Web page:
How do you know if an experiment is actually valid? With so many projects, games, and lessons using the “STEM” label, telling the real thing from the wannabes can be tricky. But our newest infographic is here to help.
Just because something requires assembly, science, and technology doesn’t mean it qualifies as a true STEM project. In fact, there are some important differences between a real STEM project and one that doesn’t quite fit the definition.
What is a True STEM Project?
STEM – which we know is an acronym for Science, Technology, Engineering, and Math – has become the shorthand way to describe a type of learning experience found in many homes and classrooms.
There’s a reason so many parents, teachers, and kids have been so excited about STEM. When a true STEM project takes place, young learners have ample opportunity to explore, find connections between data, and learn why a process-driven approach is so important.
For teachers, true STEM projects mean alignment with national and local learning standards. This helps satisfy curriculum requirements and product knowledge transfer among students.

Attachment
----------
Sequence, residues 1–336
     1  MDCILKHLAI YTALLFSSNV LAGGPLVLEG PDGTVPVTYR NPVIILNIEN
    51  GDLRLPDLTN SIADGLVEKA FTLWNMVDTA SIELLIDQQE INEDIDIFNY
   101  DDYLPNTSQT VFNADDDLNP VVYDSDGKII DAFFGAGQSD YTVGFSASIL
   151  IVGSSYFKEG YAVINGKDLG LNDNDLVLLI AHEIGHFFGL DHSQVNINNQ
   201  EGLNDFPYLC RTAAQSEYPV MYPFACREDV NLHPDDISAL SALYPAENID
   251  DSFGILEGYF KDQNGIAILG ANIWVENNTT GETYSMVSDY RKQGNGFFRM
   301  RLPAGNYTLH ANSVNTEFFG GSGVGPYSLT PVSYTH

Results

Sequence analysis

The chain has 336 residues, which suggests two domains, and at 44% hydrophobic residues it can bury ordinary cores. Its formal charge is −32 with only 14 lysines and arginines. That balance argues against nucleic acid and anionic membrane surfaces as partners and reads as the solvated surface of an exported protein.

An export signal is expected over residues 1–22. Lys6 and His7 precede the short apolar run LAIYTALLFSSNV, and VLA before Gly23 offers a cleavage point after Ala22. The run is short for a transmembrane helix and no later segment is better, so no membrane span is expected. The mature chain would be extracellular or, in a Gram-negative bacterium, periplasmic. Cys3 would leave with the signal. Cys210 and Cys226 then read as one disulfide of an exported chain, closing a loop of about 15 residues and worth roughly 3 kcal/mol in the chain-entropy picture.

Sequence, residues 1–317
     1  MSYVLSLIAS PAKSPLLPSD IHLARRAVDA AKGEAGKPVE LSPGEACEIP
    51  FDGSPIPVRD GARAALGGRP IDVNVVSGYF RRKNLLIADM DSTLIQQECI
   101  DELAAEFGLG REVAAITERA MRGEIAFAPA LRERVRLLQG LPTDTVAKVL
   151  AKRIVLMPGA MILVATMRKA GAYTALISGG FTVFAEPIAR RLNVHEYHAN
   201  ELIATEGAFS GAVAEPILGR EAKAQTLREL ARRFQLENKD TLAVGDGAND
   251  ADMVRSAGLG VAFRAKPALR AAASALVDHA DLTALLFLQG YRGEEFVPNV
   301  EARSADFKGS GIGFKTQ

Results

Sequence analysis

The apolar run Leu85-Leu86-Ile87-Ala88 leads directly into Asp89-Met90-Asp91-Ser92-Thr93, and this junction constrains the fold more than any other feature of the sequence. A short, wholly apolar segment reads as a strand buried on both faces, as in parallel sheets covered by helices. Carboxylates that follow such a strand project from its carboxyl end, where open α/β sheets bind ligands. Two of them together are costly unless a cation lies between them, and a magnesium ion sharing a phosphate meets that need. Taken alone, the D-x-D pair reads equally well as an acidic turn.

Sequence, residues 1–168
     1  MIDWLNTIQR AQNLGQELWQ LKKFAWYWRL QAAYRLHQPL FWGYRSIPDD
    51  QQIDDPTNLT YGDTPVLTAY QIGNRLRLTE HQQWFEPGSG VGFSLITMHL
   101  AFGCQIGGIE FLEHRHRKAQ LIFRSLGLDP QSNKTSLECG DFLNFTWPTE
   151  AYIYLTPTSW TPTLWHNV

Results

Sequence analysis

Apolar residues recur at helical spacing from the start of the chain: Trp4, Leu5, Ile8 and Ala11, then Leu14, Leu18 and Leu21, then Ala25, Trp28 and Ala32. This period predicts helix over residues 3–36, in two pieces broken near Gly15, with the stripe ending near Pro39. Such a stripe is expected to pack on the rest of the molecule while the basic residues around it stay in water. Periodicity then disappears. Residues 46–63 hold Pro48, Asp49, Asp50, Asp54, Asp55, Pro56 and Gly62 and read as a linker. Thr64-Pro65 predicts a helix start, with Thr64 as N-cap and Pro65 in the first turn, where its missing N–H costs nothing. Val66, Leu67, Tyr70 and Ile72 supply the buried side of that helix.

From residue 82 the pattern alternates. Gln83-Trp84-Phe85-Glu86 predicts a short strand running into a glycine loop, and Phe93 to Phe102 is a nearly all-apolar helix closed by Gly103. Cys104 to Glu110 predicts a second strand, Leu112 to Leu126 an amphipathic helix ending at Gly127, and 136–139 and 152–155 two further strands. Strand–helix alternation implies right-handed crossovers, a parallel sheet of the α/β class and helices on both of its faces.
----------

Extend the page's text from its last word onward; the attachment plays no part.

Fake “STEM”, on the other hand, doesn’t deliver on these promises. Sure, students may build something. Or they may use technology. But at the end of the project, they’re left with a clear feeling of, “So, now what?”
When you’re planning your next activity for your kid, check out our handy checklist below and see for yourself whether it’s true STEM (and likely to inspire learning) or flawed STEM (possibly fun but empty).
For examples of true STEM projects, check out our Lessons. All 120+ lessons are based in learning standards. They’re carefully designed to promote innovation, design & engineering, process, and continuous learning.
Our Lessons are the perfect way for your child or students to spend an afternoon (or a long winter break). Learn more and subscribe for instant access here.